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THE DOCTOR'S -U 0 VICTIM: A STORY OF THE BURKE AND HARE TRAGEDIES. BY R. T. CASSON. Author of "Bonnie Mary," "A Modern Ishmael," "'fbe Doctor's Doom," Maggie Ray," "Dorcas kne," "Faithless Florence," &c., &c. CHAPTER XV. A TERRIBLE CRIME AVERTED. p the stone walls of the cottage which the c soreaats, Burke and Hare, so ruthlessly to destruction ha-d not been thick well built the explosive power of the i S powder would, doubtless, have e w^10^e house, and probably also killed the inmates. But the hopes and j^.Qtions of the murderous twain were not r^^ie °f the cottage were nearly a wet in thickness, and, beyond dislodging, stones in that corner of the hou.-e, ex^mage -was done. The noise made by the tlj; .°Sl°a was, however, exremely loud, and dulr llUnates of the cottage, Mrs. Steenie Mac- ail-d the Lindsays (husband and wife),' e very much frightened., Lindsay was no coward, and, not- standing the terrified entreaties of his <j0 rushed downstairs and out. of the Catj the smoke of the powder nearly suft'o- gng him, t;v jeuiS that the damage done was compara- founJ he went back to his wife, and Mrs. Macduff with her. The explosion iArg^ beneath the room in which she slept, frj i" "Macduff was naturally muoli more ^ifcfid than were John Lindsay and his it f'are not go it auk to that room, even if so> ^rs- Lindsay," said the aim^j £ woman. "It 'was my life that was I h»l: a^' an<^» whoever did TiisTiirfcy work, h0^ ieve the Laird of Thistleden is at the M.. °T'1, °* all. Is the house much damaged, '•Lindsay ?" lidsa M.. °T'1, °* all. Is the house much damaged, '•Lindsay ?" donto vtry little, considering the tremen- Pla reP01"t' Jack Miller, who built the ax ^Vas a reason, and intended it to last is f ? as the lease of the ground, and that °r 200 years. A few stones have been bv'^r'11 ou^' kut so good is the mortar used M'ay there is no fear of others giving Wi go away from Edinburgh in the reaoh^f' am n°t safe anywhere 'within attem,^ v'le ^a'rc'- When he^earns that this Sow i, s failed, he will try again, but by "I w'n F metl10<V' said Mr3. Macduff. city seei the police when I go to the «f+ reiParked John Lindsav, after a pause, laird be unless, Mr. Lindsay. The 'lavc taken care not to identify t° 0^, Wlth the outrage. His determination perty ai.?. Possession of my husband's pro-j city neVer be given up until his rapa- j he wii]S] n satisfied. If he cannot find me, j f compelled to exercise the virtue of ^'Orld 8„ r a time, and that will do him a ««$,<* good." ilagcj'eie.'nill you go, Mrs, Macduff?'' asked '"f(j j^^dsay. i^rnfries, where I have some cousins ^ce L'at' please do not tell anyone. My take thJ iiere before noon, and I will I o cl0c £ ,e, <*>ach as it passes the house at four i feSCaPeii^+i'ee' who had thus marvellously Sc>a an'] i'8 doom intended for Mary Pater- their i ler ai;nt Alice, did not return to Jlight S'T; U^ UP 'n the kitchen until J-here was no house nearer than a hea-rd tl (i yards, and the people who ;vas s noi:?^ of the explosion fancied that, i., betimes the case, the quarry me a tlm 'n?, a ri'.?'|t ".shot" in the quarry. Hur.f dastardly attempt of Burke 6 n°t generally known, even in .W]v t7 0f tUe cottage*. ^'iUi a%pln morning Burke sent his wife ^ditlor, K' ostensibly on a rag-gathering ex- ,at«aoa j ascertain the extent of the Slle retur^1]6! ^-v the explosion. And when a smfv with the intelligence that ?f the h 1 e ^ia(' been made in the corner is' aecom v"wall» the chagrin of Burke and J1 sS? !0e was vei7 affairiiave no more to do with the Xt w Hare' decidedly. R soiJTi .Ve ?ot the laird's £ 20. and must if-u111? ^or it," urged Burke, whose ^-tnoni e^ose upon the rest of the I sh,aii '7 Proiil!ied by David Macduff. Seated T4° 110 move; vou can, if vou like, :,rn th: Sal nO more, but lie resolved to ii)lrn..cfley alone, if it could be done ',e follow; w'fe went out again on T-e c°tta >v' anci ventured to cal! at t saw no one beside Mrs. ,'in nd all the inquiries made by Mrs. one W6 nc'oi1 bcurhood proved fruitless. ^°^age iew ai,ght of the inmates of the °tta,gej^ °» averred the wife of the nearest °'" 1ei»hK ere unco prood, and didna. care When m fowk"" ',lrgh, a0rPaterson returned from Edin- at tfpanied h.v Graham Campbell, his ievecj i+ le °"trage was intense, for he J He J Mary's life which was aimed «. ^'ith thp -• arguments he could think v°.an ear]vV\eu" °f inducing Mary to consent ait! y date for their marriage, but in .^fa,r Graham, it must not be. To a.1? Wndo /0llr wish would be to play into v ^iuir,rr fv° uncle- If I marry before jtnt, "e age of 21, or without hi;; con- shau m/ fortune becomes his property. T° S0 rnuc-1 the richer at my ] °liciu-; ls "se!e« to urge me further." •arrivff tlie decision at which she X'Usle t7'Mrs- Steenie Macduff joined the AT r a con.fi'u °"ac^ in the afternoon, and, ii Buch= Nation with her friends, including 'e l'°le innli sent for to sea the cottnge wall, and help them "The unsuspecting Hare walked into the room." l in coming to some decision on the subject, it was settled that Mary should pay a visit to an aunt of Mr. Buchan, at Dundee, and that, in the meantime, a close watch should be kept upon the laird and his doings by Daft Jamie, who turned up at the cottage soou after Mrs. Macduff had joined the coach. Jamie readily promised Mary to visit Mrs. Lindsav regularly, and report what was going on at Thistleden. The coach for Dundee would not go for two days, and meantime Mary returned to I the Campbells. Knowing that, if Burke and Hare had been I successful in their midnight outrage, the affair -wouid. be the talk of the whole city next day, the Laird of Tiistleden rode to Edinburgh in the afternoon. He put up his horse in the Grassmarket, and joined the loungers in the inn kitchen, but heard never a word of the explosion. He tried a second inn, but with no better result, and was thus forced to the conclusion that the attempt to get rid of his sister-in-law must have failed. What was to be done? Laban Price, the gipsy, would, the laird believed, carry into effect his threat to make the police acquainted with what he had seen of the murder of Steenie. How to obtain the B500 demanded by the gipsy as the price of his silence the Iciinl could not imagine. He was in a more desperate strait than before, and shuddered as he contemplated the consequences of his I failm-v 1, comply ith the gipsy's demands. ) After dusk he ventured into the West Port, and was fortunate in finding Burke in his favourite haunt, spending freely a portion of the £ 20 'which, so far from doing him any good, had driven away from Edinburgh the two women he wished to get rid of. "So you blundered, you fool hissed the laitd, when the two got outside the spirit- sliop. "Sure, "twas no fault of ours. We put ptwder enough to blow up the house in a ho1; in the wall, right under the window of the room in which the women slept; the powder was properly fired, and it went off, but the wall :s so thick that hardly a stone was moved out of its place." "Well, you must hare another try." "You may try youwelf, laird. "My mate will not venture, and I don't care to try it alone." "Have you seen a pnsy anywhere around here—a rough-looking r 'low, tall, and broad, about 30 or -32 year.- :d1" asked the laird, after a pause. "To be sure we hare, laird. Every man iT, the West Port know* him. He says he has come in for a for v' replied Burke. "He does, eh? A me at my expense: money dragged out < -ny pouch. Does he lodge near here?" "At Mickey Doolan's, next door to me," said Hare, who had joined them. "Then it would not be a difficult matter. I'll pay you another JB20. and say no more of your failure over the powder business, if you'll make a '.shot' of the gipsy, Laban Price. What do you say?" "The fellow's as strong as Samson," said Burke. "And can drink whisky like a fish takes Burke. water," remarked Hare. "But there are two of you, and you might give him a dose in his 'liquor, and then get him into your house. The rest would be easy." "Give us the half down, laird ?" said Burke. "Not a penny. I'll pay the money when I "Not a penny. I'll pay the money when I see the body—not before. If you oare to earn it. you will ma.na.ge it to-night. I will come to the end of Tanner's Close half an hour after midnight: in the meantime, use your wits, and you will find means to do the job." And the laird walked rapidly away, in the belief that the seed lie had sown would bear fruit. Fortune, once more, was in favour of Burke and Hare. The drinking bouts of the gipsy blackmailer had begun to tell upon him, and at closing time that night he was so helpless, and yet quarrelsome, that he was pitched into the street, after refusing to leave. Buike and his companion were on the look- out, and, telling the gipsy that they had a quait-bottle of whisky in the house, they easily lured him to Hare's abode. Before midnight the gipsy 'was in a deep stupor, the effect of drugged porter, which ha drank when told the whisky was finished. After taking the precaution to tie his hands and feet with a. stout cord, the rest would I be easy, as the laird had remarked. Some of the lodgers were inclined to be noisy, and the gipsy had been seen when entering the house. HaTe, therefore, went to the common I kitchen, to prevent anyone venturing into the passage leading to the back room where the gipsy lay unconscious, Burke intending to keep watch until the lodgers retired to bed, when the last act of the tragedy was to I be played. Not for a moment did Burke suspect that the effects of the drugged liquor would evapo- be played. Not for a moment did Burke suspect that the effects of the drugged liquor would evapo- rate so quickly as they did. He was standing by the door, listening to the persuasive voice of his accomplice, urging his lodgers to go to bed, when a slight rustling of the straw made of his accomplice, urging his lodgers to go to bed, when a slight rustling of the straw made him turn round quickly. Laban Price was j I sitting up, glaring at Burke with all the ferocity of the .gipsy nature when furious with, anger. "You murdering devil! Untie my hands, or I'll choke the life out of you when I get loose shouted the gipsv. Burke's answer was prompt. He recog- nised the expediency of finishing the business at once, and thre w himself upon the gipsy whose head struck the stone floor in a spot but thinly covered with straw, partly stun ning him. With his knees on the struggling man's chest, one hand' on his throat and the other covering his mouth, Burke had no diffi- culty in accomplishing his gruesome task, and with a gasp the gipsy soon relaxed his efforts to free himself and lay quite quiet. "He's done for, and nobody the wiser. Who is there?" he asked, in a whisper. "Open, quick; it's the laird said Hare. And when the laird entered, the candle on the little square table enabled him to see the dreadful object in the farthest corner. The gipsy's jaw had dropped; his tongue was slightly protruding; his face was of the livid hue of death, and hence the laird did not for a moment doubt that the JB20 had been duly earned. "That will do-I am satisfied. Out of this. for Heaven's sake All three left the room. Hare bolting the door on the outside, and in Hare's private room the laird counted out the money he had promised them. "What will you do with the body?" he asked, standing up to leave. "Mr. Munro is away, and the house is sliut up." Burke and Hare looked at one another with something akin to dismay. The body must be got rid of before morning, in some way. "Couldn't we take it to the caves for a while, until Mr. Munro ccrnes back?" said Burke. "Certainly not. Drop it in a ditch by the roadside somewhere," replied the laird. But there was no necessity. After the laird had gone, Hare went to a rag merchant's stable, not far off, and, as lie had often done before, borrowed the man's pony and cart. Burke in the meantime entered the back room, carrying the tea-chest in which the gipsy's body was to be conveyed away. But the moment Burke entered the room he re- ceived a tremendous blow under the ear, and he dropped like a stone. Laban Price had been shamming, as the only possible way out of the snare into which he had fallen. His immense strength enabled him to strain the cord that bound his hands, "Rated him soundly." by throwing out his elbows, and .soon lie was able to get one hand free, his pocket-knife doing the rest. Then he waited quietly be- hind the door for the return of the two men who had decoyed him into the den. "Shall I go now or wait for the other?" muttered the gipsy. "I'll wait. I wonder if the laird paid them for the job; let's see," and he dived his hand into Burke's pockets. "Ha ha What a stroke of fortune, to be sure. Bank-notes—don't I know the feel of 'em! And the other chap will have his share, I hope." Presently, the cart being left at the end of the close, Hare returned to help Burke with the loaded tea-chest, and the gipsy re- peated the process he 'had adopted with Burke. The unsuspecting Hare walked into the room, and the blow given him by the gipsy sent him reeling on the top of his accomplice. Having tied their hands and feet with the rope Hare had brought to secure the tea-chest, the gipsy searched Hare's pockets, found the notes, and, having filled their mouths with some of the dirty straw from the floor, Laban Price gave both men a part- ing kick, and left the house, after bolting the door of the room in which his captors" ere now lying, "like a couple of trussed fowls," as he'said to himself. "That was a narrow shave, Laban. Must drop the drink, or that crafty old laird will manage better next time. What shall I do now? Go out to Thistleden in the morning, and frighten him a bit? No; he would just laugh at me. knowing that no one would be- lieve the strange tale I should tell. I must have patience, and wait until he gives me a chance to get even with him. And that will not be long, for such an old villain will soon put his foot in it again, never fear, after he knows that I escaped." The morning was well advanced ere Mrs. Hare wondering where her husband could be happened to unbolt the door of tue room in which more than one dark tragedy had taken place. The light from t'<e u e M dow high up in one corner was just sufficient to enable her to see the two men on the floor. Under such circumstances, most women would have run out screaming, and thus have aroused the wdiole neighbourhood but Hare's wife was as cool and wary as either of the men. She divined what had taken place, and fetched a knife, with which she managed to cut the ropes that bound her husband and his friend, who had suffered agonies of torture during the ten hours of their confinement. "Get us something to drink, and be mighty quick about it. That dirty straw has almost poisoned me," cried Hare. "So you let that gipsy chap get the better of ye," said Mrs. Hare, with a curl of her lip that exasperated her husband. "Another word, and I'll truss ye up like a pigeon, and lave ye here till to-morrow morn-, ing," retorted Hare, savagely. "What can we say to the laird? The cursed gipsy will soon let him know that he escaped," said Burke, when the two had breakfasted. "Let him find it out. We are none the better for our trouble. To lose the money after all is enough to provoke the biggest saint in the calendar. But if ever I come across that gipsy-" "Get out of his way as quick as you can; that is what I shall do," and Burke lit his pipe and departed. As for the gipsy, his narrow escape had startled him. He saw that the laird was not the timid, frightened man he had imagined him to be, and that any attempt at blackmail on a large scale must be abandoned. With the JB20 he had stolen from the pockets of Burka end Hare he Qjuld rejoin his tribe, and lay low for a t'me. to return to Thistle-, den when the laird would least expect him. CHAPTER XVI. THE LAIRD'S FALSE MOVE. Having thus, as he believed, managed to silence his gipsy blackmailer, the laim could afford to watoh the course of events with something akin to patience. His counte- nance, though, showed that the failure of his schemes, one after the other, was making him sour and misanthropical. And well he might be so, for lie was continually haunted by the fear that some one of those whom, in various ways, he had injured, would retaliate by an appeal to the la^v. Spring came round again, and David Mac- dutt, having heard from a round-about source that Mary Paterson was living in Dundee, resolved on a brief visit to the northern town. Not that he had any definite object in view, for he had now no reason for wish- ing his once favourite niece any harm. The London packet was arriving when the laird reached Leith pier, and there was evidently some occurrence out of the common agitating the bystanders, who seemed greatly excited. Pushing forward, the laird saw a number of sailors carrying a sheeted bumile .ashore. "It's only the body of a. woman, found floating some little distance out at sea," said another of the packet's crew, in answer to the laird's inquiries. If anyone had asked David Macduff why he followed the men carrying the corpse to the old Town-house, used at that time as a, dead-house for drowned persons, lie would have been at a loss what to say in reply. He had some little difficulty in gaining admis- sion to the dark-room in which the corpse was laid out, but by the aid of a judicious half-crown bestowed on the custodian of the place, he succeeded in satisfying his morbid fancy to see the body. The moment lie snm the face of the dead woman, by the light of the candle held over it by the attendant, David Macduff was startled. "Surely I cannot be mistaken he muttered to himself. "That poor woman must be Steenie's widow. Yes; I am sure of it, Here is the identical ring above her wedding ring, a keeper made like a snake, with a green stone for an eye. It is Alice without doubt." And away went the now elated laird to the office of Mr. Buehan, full of excitement. The lawyer was not greatly surprised at the intelligence brought by the laird. The fact that since her departure by the Carlisle coach Mrs. Steenie Macduff had not once written to or in any other way communicated with her friends in Edinburgh, had paved the way for the belief that she must be dead. Mary knew that her aunt had a, considerable sum in her possession when she started on her journey, and it was deemed by the lawyer quite probable that she had been murdered for the sake of that money. "Yes, I will go with you and see the body, laird," 'he said, inwardly resolving that the evidence of identity must be such as would satisfy him, before* lie moved in the matter now,' doubtless, agitating the mind of the laird—tlie deceased's property. But, after closely scanning the face of the drowned woman, whose death, as the doctor believed, must have occurred at least a fort- night previously, Mr. Buehan was compelled to admit that, so far as he could form an opinion, the laird's belief was well founded. The lawyer also reoognised the ring. which confirmed any doubts lie might have felt. 'I wish your niece had been in Edinburgh but it would scarcely be possible to have her here in time. Mary knew her aunt better than anyone else on this side of the Atlantic," remarked Mr. Buchan. "Site could only confirm our belief, which is founded on evidence that ought to convince anybody, that this poor thing before us is all that remains of my brother's widow" "Then, I suppose you will defray the ex- penses of burial?" asked the lawyer. 1 es; she must be placed in the family vault. J f Pre^ume you know that she made a win?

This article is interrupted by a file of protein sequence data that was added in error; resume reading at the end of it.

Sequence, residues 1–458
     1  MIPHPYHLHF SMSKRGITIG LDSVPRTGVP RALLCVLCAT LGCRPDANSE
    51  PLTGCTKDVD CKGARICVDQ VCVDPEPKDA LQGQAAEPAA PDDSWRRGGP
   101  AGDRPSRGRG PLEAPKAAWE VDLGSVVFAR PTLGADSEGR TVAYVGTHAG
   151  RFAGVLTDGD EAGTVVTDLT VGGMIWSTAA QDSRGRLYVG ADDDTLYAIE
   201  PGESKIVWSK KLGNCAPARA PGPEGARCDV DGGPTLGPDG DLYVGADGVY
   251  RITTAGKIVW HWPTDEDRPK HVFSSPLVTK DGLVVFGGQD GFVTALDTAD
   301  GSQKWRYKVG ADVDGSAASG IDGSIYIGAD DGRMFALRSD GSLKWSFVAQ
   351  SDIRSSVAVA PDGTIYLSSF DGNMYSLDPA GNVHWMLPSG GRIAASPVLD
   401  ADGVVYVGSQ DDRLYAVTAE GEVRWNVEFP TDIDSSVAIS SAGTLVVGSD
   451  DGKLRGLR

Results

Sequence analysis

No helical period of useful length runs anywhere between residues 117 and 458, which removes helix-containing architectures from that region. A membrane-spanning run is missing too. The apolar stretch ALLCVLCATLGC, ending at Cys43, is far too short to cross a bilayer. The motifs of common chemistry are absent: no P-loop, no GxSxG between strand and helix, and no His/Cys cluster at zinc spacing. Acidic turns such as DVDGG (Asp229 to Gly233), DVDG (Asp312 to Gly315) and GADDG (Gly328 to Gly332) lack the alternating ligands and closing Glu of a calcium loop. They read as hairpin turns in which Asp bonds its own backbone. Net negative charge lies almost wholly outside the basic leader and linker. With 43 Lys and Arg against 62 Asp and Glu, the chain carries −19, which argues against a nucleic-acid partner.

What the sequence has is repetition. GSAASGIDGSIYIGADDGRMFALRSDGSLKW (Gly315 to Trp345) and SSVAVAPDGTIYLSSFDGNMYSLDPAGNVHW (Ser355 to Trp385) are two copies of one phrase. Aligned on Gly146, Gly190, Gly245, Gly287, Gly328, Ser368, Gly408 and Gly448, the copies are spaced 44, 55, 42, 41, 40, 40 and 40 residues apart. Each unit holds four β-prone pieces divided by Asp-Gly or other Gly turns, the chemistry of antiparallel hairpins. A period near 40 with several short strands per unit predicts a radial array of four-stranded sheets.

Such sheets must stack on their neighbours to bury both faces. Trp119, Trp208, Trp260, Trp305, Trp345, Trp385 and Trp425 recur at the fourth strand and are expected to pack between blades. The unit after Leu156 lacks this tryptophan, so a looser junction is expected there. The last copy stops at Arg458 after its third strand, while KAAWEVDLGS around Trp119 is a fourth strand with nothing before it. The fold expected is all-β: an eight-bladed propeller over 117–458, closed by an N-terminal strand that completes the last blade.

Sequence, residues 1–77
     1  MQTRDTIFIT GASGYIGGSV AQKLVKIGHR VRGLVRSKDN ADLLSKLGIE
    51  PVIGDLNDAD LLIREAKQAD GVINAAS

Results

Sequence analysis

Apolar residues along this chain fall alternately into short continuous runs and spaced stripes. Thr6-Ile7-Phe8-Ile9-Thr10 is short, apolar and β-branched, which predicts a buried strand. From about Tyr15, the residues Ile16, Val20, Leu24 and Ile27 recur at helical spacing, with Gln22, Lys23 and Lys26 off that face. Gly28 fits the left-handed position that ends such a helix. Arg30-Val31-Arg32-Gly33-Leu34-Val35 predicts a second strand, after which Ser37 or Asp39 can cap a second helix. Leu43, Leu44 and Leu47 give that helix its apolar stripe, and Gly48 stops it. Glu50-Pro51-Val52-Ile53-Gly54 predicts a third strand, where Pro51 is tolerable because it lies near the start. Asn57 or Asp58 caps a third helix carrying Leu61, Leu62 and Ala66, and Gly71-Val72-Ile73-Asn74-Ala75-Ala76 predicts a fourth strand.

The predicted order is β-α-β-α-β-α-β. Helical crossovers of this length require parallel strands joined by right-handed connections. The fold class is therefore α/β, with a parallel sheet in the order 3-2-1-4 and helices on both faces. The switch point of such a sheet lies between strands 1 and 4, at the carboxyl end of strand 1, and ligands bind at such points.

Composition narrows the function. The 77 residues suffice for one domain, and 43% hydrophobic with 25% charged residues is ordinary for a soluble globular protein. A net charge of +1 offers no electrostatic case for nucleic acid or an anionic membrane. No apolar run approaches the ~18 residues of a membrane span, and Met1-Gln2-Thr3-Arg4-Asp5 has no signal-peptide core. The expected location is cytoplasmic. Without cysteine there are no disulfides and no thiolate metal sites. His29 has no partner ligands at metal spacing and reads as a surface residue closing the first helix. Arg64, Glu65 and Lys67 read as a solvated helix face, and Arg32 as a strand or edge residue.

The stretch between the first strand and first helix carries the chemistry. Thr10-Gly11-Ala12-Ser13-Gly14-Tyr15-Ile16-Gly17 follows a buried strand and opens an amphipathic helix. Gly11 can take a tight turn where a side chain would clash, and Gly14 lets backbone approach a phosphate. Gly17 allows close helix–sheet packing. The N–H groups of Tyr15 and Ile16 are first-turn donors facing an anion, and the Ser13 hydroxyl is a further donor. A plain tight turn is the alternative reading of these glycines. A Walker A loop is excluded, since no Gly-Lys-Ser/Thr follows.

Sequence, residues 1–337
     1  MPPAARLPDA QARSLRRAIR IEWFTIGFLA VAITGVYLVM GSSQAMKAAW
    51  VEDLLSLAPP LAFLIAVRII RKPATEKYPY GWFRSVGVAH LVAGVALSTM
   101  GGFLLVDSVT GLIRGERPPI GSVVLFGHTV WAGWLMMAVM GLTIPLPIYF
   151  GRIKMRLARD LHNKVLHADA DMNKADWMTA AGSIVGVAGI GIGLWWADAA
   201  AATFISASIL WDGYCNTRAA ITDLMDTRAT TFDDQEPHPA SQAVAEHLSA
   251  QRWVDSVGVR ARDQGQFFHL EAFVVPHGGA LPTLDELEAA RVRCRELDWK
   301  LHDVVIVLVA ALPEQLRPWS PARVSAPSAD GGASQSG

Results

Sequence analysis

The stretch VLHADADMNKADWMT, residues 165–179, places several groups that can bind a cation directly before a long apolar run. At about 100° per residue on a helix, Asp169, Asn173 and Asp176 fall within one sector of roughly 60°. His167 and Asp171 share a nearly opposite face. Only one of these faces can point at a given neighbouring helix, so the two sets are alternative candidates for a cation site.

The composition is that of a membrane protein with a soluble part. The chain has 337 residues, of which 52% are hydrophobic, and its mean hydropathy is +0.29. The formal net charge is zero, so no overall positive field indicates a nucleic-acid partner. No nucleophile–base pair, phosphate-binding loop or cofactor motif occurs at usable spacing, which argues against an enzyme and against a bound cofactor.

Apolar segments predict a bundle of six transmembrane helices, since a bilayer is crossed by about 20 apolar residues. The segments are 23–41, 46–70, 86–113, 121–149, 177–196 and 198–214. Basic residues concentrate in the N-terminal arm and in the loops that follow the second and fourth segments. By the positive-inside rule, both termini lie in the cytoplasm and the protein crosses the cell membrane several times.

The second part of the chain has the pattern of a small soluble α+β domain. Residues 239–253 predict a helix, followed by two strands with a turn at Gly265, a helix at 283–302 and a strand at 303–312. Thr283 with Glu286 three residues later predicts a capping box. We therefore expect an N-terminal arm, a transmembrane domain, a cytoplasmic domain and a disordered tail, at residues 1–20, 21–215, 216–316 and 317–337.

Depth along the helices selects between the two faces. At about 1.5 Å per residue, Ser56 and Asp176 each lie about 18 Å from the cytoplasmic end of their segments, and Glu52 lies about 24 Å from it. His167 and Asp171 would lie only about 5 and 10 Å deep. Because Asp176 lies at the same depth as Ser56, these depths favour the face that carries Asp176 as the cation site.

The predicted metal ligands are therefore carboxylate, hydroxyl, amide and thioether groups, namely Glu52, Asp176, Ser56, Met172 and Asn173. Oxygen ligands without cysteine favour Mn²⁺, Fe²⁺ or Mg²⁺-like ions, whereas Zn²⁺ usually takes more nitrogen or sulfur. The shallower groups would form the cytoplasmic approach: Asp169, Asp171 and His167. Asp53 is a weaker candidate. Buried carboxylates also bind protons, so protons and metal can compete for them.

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I The laird started in astonishment, and hit face, a moment before full of the anticipation of possessing Steenie's wealth, became af black as a thunder-cloud. "A will? No; I never heard of it. If the document in your possession?" "No but I have a copy." "Also signed, witnessed, and attested?" "No only an office copy, from which thC real will was engrossed. But the will itsell was, doubtless, entrusted to the care ot tieV* friends. Probably your niece has it in hot keeping, seeing that she is the principal legatee." "Who else benefits?" "Her cousin George." "And not me ?'' "Did you for a moment expect it? Th^ terrible wrong you peipetrated upon hef could not be so easily forgotten, Laird M&Or duff. If you have been, since you disooverojt the identity of the body, cherishing hopefif that will not be realised, I am sorry for you. Good day. laird." At first the laird thought of refusing to bury the body, but reflection caused him toi" change his mind. If the will were not forth- coming he would be heir-at-law, and that considera.tion decided him in favour of aotinj as chief-mourner at the funeral. Mr. Buchan forthwith wrote to Mary, asking her if she had her aunt's will in her possession, but was not a little disappointed when Mary's answer arrived. She did no? even know that her aunt had made a will. And, to his exceeding chagrin, all the lawyer's inquiries in other directions werfl equally fruitless. The will had disappeared;*) it had probably been taken with her by the deceased lady, and its whereabouts would thus remain a mystery. The laird, meantime, was quietly biding his time. full of exultation at the failure of Mr. Buchan to produce the will of the lady whose agent he had been. Then the laird?, deeming it time to assert his claims, applied to the court for letters of administration.4 But here again he was doomed to further, delay. Mr. Buclian had been beforehajKt with him, having deposited in court the oopjj of the will, with a sworn affidavit that he had drafted tlie will, which might yet ba forthcoming. And when the laird at court his appeal was refused on the gromia that sufficient time had not elapsed since the' disappearance of Mrs. Alice Macduff, whoso will might yet be discovered. The laird had bean "counting his ohiokens before they were hatched." A farm next to some of his otwn lands was for sale, and,' depending upon possession of his deceased- brother's property in a short time, the laird had obtained from the factor, Maclaren, the loan of J31,500 on a bill at two months' date, I for which he was to pay interest, £ 100. His failure to secure the power to deal with his brother's property aroused the fury of monev-loving factor, who threatened to ruin him ÅÅ the loan were not repaid when the bill became due. The scheming, unscrupulous laird was at his; wits' end, and his doom seemed to be inevi- table. He appealed to his nephew Georgo to consent to the cutting off the entail, so that he might raise sufficient on mortgage of Thistleden to repay Maclaren, but George Macduff sternly refused. When but a 'week's grace was left to hint When but a 'week's grace was left to him the laird thought seriously of flight, as hia only way of avoiding imprisonment for debt. He had been to the city daily, indulging1 more frequently in drink than had been his wont, and was one evening going along the Canongate when, in turning the corner leading into Leith Wynd, he came rather violently into collision with a well-dressed woman, who rated him soundly for his awkwardness. It was too dark for either to see the other, for lamps were scarce and small at that time, but the laird did not stop to apologise. To the surprise of Lawyer Buclian. who chanced to be passing, had recognised the laird, and had been enjoying the woman's scolding, the laird ran away as fast as his shaking limbs would carry him. Then Mr. Buchan glancedi at the woman, who stood looking after the laird. There was no mistaking her face;) and no wonder David Macduff was scared: for the woman he had so rudely jostled was his brother's widow, whom lie believed he had! buried in the vault of the Macduffs at Roslin. "Mrs. Macduff!" exclaimed the young lawyer. "Mr. Buchan-the very man I want. Can I walk with you for a short time ?'' "Certainly: and, if you are not staying anywhere—that is, I mean, if you have but recently returned to Edinburgh—my mother will, I am sure, be very pleased if you will make our house your home during your stay in fche city." "Thank you I may stay with you two or three days. I will tell you what has brought me to Edinburgh again when we reach yovir house." 11 n It was another startling episode in Alica Macduff's romantic history. Mrs. Buclian cordially welcomed her son's wealthy client, and after a sumptuous tea. the lawyer took Mrs. Maoduff into his library, where she told hex strange story, "When I left Edinburgh, as you are aware^ f led my niece to believe that I was going t Dumfries, to a relative. But I was so mucif terrified by the attempt to blow up the cot*; tage in which, with my niece, I had beeif staying, that before the coach reached Car- lisle I had changed my mind, and went on to Liverpool, where resides another cousin of my own, the widow of a merchant captaine W ith her I have been staying ever since* happy and cpntented in the knowledge that$ was safe from the schemes of the man wh< £ covets my money. I never saw any Scotch newspapers, but last Saturday an old copy, of the "Edinburgh Advertiser" -was brought home by my cousin's maid-servant, who ha<f got it from another Scotch lass. One of thf first items of news I read was the notice of my own death and funeral; and, thinking my rascal of a brother-in-lawr was again upi to some knavish trick or other, I decided to return here." "So far as I know, Mrs. Macduff, theftt was no trickery in the matter. I was present with the laird at the old town-house at Leith. where the body of the woman supposed tC be you was taken when brought into port bjt the packet, and I certainly tliQUglit ifi